The backlash over HB 2 from sympathizing powerhouses outside of North Carolina has been fierce. We’ve seen multibillion-dollar corporations such as Bank of America and Apple speak out against the law. Recently Fox and A&E spoke out against the bill, stating they will not consider North Carolina sites for future filming. New York City, Boston, San Francisco, and Connecticut have all restricted government-funded travel here.
Boycotts work because they put social and economic pressure on elected officials to reconsider legislation. They are designed to attack the Achilles’ heel of those in power, to weaken them to the point of giving in.
The boycott also includes touring musicians such as Bruce Springsteen and Ringo Starr, both of whom canceled shows and cost cities a lot of money, hopefully motivating officials to put pressure on state government to consider repealing—or at least amending—this fear-based law. These decisions also impact a fair amount of people who otherwise would not have otherwise felt the bathroom facet of HB 2. So, good on those artists who have enough self-awareness to recognize that their actions broaden the reach of HB 2’s effects. But if you are someone with a platform that can be used to rally and support LGBTQ people, especially on a grassroots level, please come to North Carolina. We need you.
Boycotts are not just about abstaining; they’re about organizing. What better proven way to fuel political discontent than to rally a mass of people together in outrage than through music? While musicians
like Bruce and Ringo can, in a sense, show up by boycotting North Carolina and disappointing thousands of fans across the gender spectrum, Ani Difranco’s recent Festival for the Eno cancelation does more harm to the LGBTQ community than good, at least in my mind. As the Charlotte Observer put it, “Careful whom you hurt with HB 2 boycotts.”
The question I would pose to Ani and other artists considering boycotting North Carolina is, “What community is your action most impacting?” The Festival for the Eno has now lost the headliner of its most crucial fundraiser. I’d argue that the Eno River Association feels the economic impact of Ani’s cancelation much more than the State of North Carolina. Now that The Boss has backed out, she’s not bringing more awareness to the issue than she would by standing on a stage and asking the hundreds of people at the Festival for the Eno to rally, to fight, to show up in the quest for change.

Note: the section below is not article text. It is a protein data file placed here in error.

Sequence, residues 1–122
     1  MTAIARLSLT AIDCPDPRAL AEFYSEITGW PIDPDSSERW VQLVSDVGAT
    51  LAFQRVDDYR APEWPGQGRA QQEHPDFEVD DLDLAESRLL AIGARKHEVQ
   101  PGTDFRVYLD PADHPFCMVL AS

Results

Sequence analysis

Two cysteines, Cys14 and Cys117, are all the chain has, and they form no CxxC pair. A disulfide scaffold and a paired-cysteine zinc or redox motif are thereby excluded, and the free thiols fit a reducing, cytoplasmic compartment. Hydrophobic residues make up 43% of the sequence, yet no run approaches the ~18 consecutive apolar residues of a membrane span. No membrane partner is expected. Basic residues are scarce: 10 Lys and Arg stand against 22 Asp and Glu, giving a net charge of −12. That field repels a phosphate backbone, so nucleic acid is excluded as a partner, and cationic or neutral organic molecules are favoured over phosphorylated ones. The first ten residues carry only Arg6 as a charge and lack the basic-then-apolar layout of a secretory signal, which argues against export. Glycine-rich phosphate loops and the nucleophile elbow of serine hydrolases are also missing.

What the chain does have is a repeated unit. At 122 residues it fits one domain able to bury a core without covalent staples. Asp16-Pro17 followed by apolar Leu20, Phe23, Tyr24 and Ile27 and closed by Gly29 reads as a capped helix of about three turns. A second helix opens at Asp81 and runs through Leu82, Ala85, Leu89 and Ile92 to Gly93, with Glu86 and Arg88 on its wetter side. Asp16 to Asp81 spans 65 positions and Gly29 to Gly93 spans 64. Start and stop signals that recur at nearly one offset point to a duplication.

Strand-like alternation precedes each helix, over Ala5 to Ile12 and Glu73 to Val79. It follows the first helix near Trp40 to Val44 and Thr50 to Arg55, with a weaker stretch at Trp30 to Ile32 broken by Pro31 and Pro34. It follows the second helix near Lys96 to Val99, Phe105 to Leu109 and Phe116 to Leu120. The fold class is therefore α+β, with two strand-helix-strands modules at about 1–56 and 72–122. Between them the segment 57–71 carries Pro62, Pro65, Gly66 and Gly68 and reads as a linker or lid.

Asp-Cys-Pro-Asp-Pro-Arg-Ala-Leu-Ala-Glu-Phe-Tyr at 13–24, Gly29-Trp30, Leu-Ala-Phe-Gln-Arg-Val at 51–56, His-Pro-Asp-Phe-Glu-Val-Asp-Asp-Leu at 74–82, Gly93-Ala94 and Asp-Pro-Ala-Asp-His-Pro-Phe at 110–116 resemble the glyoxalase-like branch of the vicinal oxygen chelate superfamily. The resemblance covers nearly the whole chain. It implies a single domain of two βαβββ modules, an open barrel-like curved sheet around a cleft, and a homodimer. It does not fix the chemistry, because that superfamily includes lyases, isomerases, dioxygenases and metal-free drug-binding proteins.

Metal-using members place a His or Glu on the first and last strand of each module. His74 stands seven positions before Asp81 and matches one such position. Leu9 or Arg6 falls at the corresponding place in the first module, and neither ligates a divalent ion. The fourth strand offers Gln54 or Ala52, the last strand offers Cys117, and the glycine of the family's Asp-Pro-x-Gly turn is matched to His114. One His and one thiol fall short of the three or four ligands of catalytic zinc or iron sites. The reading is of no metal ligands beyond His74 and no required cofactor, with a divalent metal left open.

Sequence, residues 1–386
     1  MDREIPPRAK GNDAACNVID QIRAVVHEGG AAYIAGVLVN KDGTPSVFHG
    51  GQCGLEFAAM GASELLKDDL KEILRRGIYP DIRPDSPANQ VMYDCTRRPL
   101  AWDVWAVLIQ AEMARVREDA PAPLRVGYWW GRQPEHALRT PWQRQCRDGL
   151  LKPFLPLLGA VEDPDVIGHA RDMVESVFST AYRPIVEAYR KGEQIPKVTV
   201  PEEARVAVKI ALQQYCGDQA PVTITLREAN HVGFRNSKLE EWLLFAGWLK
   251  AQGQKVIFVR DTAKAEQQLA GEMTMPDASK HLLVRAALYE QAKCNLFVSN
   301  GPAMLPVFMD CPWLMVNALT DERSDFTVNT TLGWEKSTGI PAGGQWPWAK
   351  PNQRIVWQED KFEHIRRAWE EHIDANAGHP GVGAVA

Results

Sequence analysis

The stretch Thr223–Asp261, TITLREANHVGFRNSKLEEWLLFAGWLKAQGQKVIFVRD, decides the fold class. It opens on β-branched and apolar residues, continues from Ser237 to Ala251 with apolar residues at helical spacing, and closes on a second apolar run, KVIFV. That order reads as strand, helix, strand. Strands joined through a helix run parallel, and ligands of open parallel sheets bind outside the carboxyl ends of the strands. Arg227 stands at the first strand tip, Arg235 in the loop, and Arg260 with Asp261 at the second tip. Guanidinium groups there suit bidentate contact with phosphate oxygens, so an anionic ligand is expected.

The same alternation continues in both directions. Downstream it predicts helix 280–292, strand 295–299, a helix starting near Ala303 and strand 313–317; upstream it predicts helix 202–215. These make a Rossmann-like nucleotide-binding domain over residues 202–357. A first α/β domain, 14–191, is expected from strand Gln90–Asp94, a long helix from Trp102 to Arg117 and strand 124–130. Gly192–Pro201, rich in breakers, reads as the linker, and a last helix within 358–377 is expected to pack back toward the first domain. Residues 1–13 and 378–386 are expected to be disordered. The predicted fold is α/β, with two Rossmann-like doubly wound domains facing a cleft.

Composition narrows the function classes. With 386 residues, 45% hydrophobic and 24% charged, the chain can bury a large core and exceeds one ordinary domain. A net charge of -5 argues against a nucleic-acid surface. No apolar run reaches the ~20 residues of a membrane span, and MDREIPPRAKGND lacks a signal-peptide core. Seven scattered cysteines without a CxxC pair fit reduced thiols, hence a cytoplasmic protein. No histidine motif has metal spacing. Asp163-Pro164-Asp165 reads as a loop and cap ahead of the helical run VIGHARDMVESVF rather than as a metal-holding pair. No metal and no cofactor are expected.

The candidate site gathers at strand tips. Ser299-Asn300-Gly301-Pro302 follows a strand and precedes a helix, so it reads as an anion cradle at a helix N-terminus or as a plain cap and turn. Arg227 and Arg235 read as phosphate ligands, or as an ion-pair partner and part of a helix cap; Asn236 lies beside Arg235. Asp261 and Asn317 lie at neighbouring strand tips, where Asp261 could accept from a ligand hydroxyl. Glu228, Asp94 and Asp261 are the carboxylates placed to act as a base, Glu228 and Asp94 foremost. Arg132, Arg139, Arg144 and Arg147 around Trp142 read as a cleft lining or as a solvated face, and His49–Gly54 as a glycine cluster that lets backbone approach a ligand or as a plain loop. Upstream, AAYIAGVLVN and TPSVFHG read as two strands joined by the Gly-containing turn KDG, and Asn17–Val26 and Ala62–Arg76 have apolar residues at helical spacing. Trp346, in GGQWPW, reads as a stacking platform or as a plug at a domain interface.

Had Difranco played, she could have used her mic and her time in front of a captive audience to call for action, just as Against Me’s Laura Jane Grace plans to do soon in Durham. Or, even better, she could give part of her time to local organizations fighting HB 2 to speak in front of hundreds of people that they might not otherwise reach. Instead, she’s not coming, and who is suffering? I doubt very many NC reps have rocked “Blood in the Boardroom,” so I’m guessing it’s us, queer allies and accomplices that are trying to help the ERA find a new headliner so they can raise the necessary funds. These queer allies and accomplices could have used an afternoon on the lawn to get an earful of support from an out-of-state icon.
I’m not trying to blame Ani; I simply want to help open up the conversation around how people outside of this state can best use platforms, resources, and power to support the LGBTQ community in this state. Really, let’s talk.
The success of this moment and this movement against HB 2 demands queer visibility. It asks that queer folks and allies use the platforms that we have fought for to make a scene and demand to be heard. Yes, we should support each other in taking action against HB 2, but we do need to be critical of each other, too. So, Ani, thank you for speaking out, but what community needs you to stand in solidarity with them the most right now? Is it with CEO activists, out-of-state governments, or Columbia and Universal recording artists? Or is it the North Carolina’s LGBTQ community, doing grassroots work to overturn this transphobic bill?